John Starling passes

John Starling, one of the smoothest voices in bluegrass and a founding member of the Seldom Scene, died Thursday night in Fredericksburg, VA. The Grammy winner and member of the Bluegrass Hall of Fame was 79.

Starling was the last surviving member of what is arguably the greatest vocal trio bluegrass has known. The blend of his voice with those of John Duffey and Mike Auldridge made songs like Wait A Minute, Body and Soul, and Out Among the Stars instant classics that still get played decades later. His death leaves his close friend Ben Eldridge and Tom Gray as the only surviving founders of the seminal band.

He had been in hospice care since early February, which gave time for a steady stream of visitors to reminisce and say goodbye. But that doesn’t mean the news many of us woke up to today is any easier, especially for his former bandmates and countless fans who hung on his every word, whether he was singing a Seldom Scene classic or telling a story from the 1970s, when Scene shows attracted the likes of Linda Ronstadt, Emmylou Harris, and Lowell George, the late leader of Little Feat.

Praise for Starling and expressions of sympathy for his family came from far and wide, from musicians to fans who remembered a favorite show or a merch table comment.

Dudley Connell, who has taken John’s role in Seldom Scene, remembers

“When I spoke with John Duffey in the late spring of 1995, I had been listening to and admiring the music of the Seldom Scene for over twenty years. At the time, I didn’t know John Starling personally, but Duffey often said that John Starling admired the lead singing of Carter Stanley. I had no idea that Starling and I shared that in common. I can hear it now. Listen to his take on The Fields Have Turned Brown. Hear what I mean? It’s country soul.

Over the past twenty something years of standing in his place, I soon realized that I could stand in his spot on stage, but no one was ever going to fill his shoes. John Starling was a vocal stylist; he made every song he sang his own. John Starling once told me that I ‘brought the blues into the Seldom Scene.’ My response to him, ‘well, you brought everything else.’

The Scene had a reunion show at the old Red Fox Inn a few years ago, and while John was singing on the small make shift stage, I stood behind the curtain with Emmylou and listened to him sing. For a while, we didn’t say a word to each other. Finally, Emmylou said to me, ‘John is still one of my favorite singers.’ My response to her, ‘John is irreplaceable.’ What I didn’t say was, there will likely be other great singers, but there will only be one John Starling and he will be missed.”

“One of the best singers ever,” said Tim Stafford of Blue Highway.

“In the early ’70s, the Seldom Scene brought me to the bluegrass party,” said Mark Brinkmanship, a prolific songwriter. “John Starling made me stay.”

Starling’s musical career started almost by accident, after serving as an Army surgeon in Vietnam. During a medical residency at Walter Reed Army Medical Center in Bethesda, MD, he became friends with Eldridge and Auldridge. Soon they were jamming in Ben’s basement. Gray and Duffey, both formerly with the Country Gentlemen, joined the fun. The band played its first gig in 1971 and is still on the road, albeit without any of the founders.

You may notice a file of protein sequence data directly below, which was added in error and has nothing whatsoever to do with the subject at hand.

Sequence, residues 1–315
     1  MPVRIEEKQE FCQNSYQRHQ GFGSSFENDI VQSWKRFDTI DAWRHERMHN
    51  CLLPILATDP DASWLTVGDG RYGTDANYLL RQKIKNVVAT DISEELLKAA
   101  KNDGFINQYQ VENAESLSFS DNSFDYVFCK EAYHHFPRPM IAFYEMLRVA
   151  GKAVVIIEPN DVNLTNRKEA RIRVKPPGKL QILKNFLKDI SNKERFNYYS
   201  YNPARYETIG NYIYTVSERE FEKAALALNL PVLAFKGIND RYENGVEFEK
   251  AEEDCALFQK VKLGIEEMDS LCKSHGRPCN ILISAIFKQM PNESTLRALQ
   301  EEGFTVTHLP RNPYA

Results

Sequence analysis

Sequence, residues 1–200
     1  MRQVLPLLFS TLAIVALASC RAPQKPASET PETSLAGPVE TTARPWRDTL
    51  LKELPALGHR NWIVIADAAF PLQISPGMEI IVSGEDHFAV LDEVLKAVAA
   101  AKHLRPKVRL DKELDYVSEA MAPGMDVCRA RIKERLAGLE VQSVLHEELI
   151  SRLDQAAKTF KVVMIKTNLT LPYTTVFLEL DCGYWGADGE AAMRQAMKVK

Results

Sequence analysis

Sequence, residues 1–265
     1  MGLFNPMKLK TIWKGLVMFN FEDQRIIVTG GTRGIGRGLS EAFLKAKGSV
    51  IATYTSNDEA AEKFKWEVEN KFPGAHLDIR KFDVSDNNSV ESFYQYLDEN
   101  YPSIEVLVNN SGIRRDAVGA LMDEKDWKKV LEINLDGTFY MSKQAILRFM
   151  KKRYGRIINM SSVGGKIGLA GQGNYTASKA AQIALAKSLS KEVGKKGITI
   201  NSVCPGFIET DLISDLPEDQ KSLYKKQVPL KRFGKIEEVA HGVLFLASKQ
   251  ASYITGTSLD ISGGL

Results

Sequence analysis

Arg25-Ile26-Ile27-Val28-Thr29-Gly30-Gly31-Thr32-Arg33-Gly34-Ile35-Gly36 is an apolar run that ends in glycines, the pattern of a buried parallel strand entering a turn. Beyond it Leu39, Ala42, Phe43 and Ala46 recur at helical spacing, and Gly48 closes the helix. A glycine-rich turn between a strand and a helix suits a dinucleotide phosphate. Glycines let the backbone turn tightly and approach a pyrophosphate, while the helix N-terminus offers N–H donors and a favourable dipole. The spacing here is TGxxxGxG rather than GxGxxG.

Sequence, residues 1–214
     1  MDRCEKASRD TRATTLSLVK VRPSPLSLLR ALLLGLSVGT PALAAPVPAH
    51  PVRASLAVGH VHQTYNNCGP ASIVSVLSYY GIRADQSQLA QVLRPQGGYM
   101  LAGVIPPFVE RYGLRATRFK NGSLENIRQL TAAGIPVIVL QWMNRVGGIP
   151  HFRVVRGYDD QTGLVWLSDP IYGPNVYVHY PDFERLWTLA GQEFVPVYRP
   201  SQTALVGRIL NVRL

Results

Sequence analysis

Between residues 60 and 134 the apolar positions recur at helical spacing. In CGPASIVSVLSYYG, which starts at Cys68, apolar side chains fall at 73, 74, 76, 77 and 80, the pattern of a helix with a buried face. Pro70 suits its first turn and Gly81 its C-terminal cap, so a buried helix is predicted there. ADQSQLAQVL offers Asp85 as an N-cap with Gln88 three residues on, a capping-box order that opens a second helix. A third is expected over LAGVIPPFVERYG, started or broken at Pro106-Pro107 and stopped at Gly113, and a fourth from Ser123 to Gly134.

Starling played guitar and was the lead singer until 1977, when he left to devote full time to his medical practice. Had that been the end of his musical career, it would have been stellar. But he returned to the Scene briefly in 1983, recorded a Grammy-winning album, Spring Training, with Carl Jackson in 1990, and formed a new band, John Starling and Carolina Star, when he retired as a surgeon in 2006.

He also made occasional reunion appearances with the Scene over the years.

I never got to see Starling or hear him sing live in his prime. (I’m thankful for YouTube!) But he did play a central role in one of my favorite bluegrass memories. It happened on October 20, 2013, when he and Gray joined the Scene (with Eldridge still on banjo) to play a fund-raising show for the DC Bluegrass Union. Also sitting in that night was Emmylou Harris, who sang at clubs in the DC area before she became a star. She and Starling were friends for decades. (Starling is credited with boosting her career by introducing Harris to Gram Parsons, though others take credit as well).

I shared a table that night with Starling, his son Jay, and Gray, among others. Starling was every bit as good a storyteller as a singer, and he was in fine form that night.

The evening became even better when he joined the band on stage. John, his voice a little shaky from years of not singing, still owned the room, especially on the opening lines of Wait a Minute.

“Wait a minute, Did I hear you say you’re goin’ far away again.”

For now, those words from Herb Pedersen, are a fitting place to stop.

We’ll have more later at Bluegrass Today, including information about services and more appreciations.

Thanks for the music and the stories, Dr. Starling. The rest of your trio is waiting.

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About the Author

David Morris

David Morris, an award-winning songwriter and journalist, has written for Bluegrass Today since its inception. He joined its predecessor, The Bluegrass Blog, in 2010. His 40-year career in journalism included more than 13 years with The Associated Press, a stint as chief White House correspondent for Bloomberg News, and several top editing jobs in Washington, D.C. He is a life member of IBMA and the DC Bluegrass Union. He and co-writers won the bluegrass category in the Chris Austin Songwriting Contest at MerleFest in 2015.